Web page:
Fair Pay to Play Act Puts NCAA on the Clock

California%27s+Fair+Pay+to+Play+Act+could+be+adopted+by+several+states%2C+which+could+mean+trouble+for+the+NCAA.+%28Courtesy+of+Flickr%29
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Fair Pay to Play Act Puts NCAA on the Clock

California's Fair Pay to Play Act could be adopted by several states, which could mean trouble for the NCAA. (Courtesy of Flickr)

California's Fair Pay to Play Act could be adopted by several states, which could mean trouble for the NCAA. (Courtesy of Flickr)

California's Fair Pay to Play Act could be adopted by several states, which could mean trouble for the NCAA. (Courtesy of Flickr)

California's Fair Pay to Play Act could be adopted by several states, which could mean trouble for the NCAA. (Courtesy of Flickr)

Andrew Posadas, Assistant Sports Editor

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Last Wednesday, Senate Bill 206, known as the Fair Pay to Play Act, was passed by the California state Senate unanimously by a tally of 39-0. SB 206 would essentially give student athletes the opportunity to finally benefit financially from the use of their names and images while playing in college.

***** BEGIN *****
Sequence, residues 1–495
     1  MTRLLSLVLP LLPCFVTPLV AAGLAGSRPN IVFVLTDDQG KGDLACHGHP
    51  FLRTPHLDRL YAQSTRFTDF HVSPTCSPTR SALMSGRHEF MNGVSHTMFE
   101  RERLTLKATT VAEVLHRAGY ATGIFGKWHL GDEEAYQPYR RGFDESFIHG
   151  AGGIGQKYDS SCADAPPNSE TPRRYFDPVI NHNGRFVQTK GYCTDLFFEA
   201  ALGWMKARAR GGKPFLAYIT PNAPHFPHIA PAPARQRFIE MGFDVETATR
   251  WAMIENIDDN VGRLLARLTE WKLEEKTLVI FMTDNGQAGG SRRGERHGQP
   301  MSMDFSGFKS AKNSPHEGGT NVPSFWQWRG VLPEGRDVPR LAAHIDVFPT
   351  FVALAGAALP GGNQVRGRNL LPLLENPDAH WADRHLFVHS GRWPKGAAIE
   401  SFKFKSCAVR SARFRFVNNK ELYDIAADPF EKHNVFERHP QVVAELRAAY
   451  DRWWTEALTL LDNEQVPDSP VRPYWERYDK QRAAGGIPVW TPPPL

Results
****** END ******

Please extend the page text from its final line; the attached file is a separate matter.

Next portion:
Now, the bill is destined for California Gov. Gavin Newsome’s desk. In the next 30 days, Newsome will have the final say in deciding whether or not to sign the bill into law. If he were to sign off on the bill, college athletics as we know it would set an irrevocable precedent in favor of its players.

Right on cue, the National Collegiate Athletic Association (NCAA) has made it clear that its interests lie within the organization and not for the student-athletes it represents.

On the same day the Fair Pay to Play Act was passed by the Senate, the NCAA took it upon itself to send a letter to Gov. Newsome, urging him and the state to reconsider passing the bill. Their reason? The NCAA believes it to be unconstitutional, saying the act “uphends the balance of natural competition in college sports.”

Unfortunately, the NCAA fails to mention one slight problem to its argument: the natural competition in college sports has already been compromised and continues to be unbalanced, particularly in college football and basketball. For example, the University of Clemson, college football’s reigning national champions, put $55 million dollars into its football facilities back in 2017. In each of the two years since, Clemson has been in the top-three in recruiting high school players to its football program.

A coincidence? I think not. When elite high school football prospects visit Clemson, their expectations may be to see a locker room and workout area that contends with every program in the country. What may pleasantly shock them is that Clemson’s facilities also includes an indoor slide, bowlings alleys and even a miniature golf course. As someone who has been around the athletic facilities here at Fordham, I can assure you we do not have those extra luxuries when recruiting student athletes to Rose Hill. No, not even a mini-golf course located somewhere behind Rose Hill Gym or Jack Coffey Field.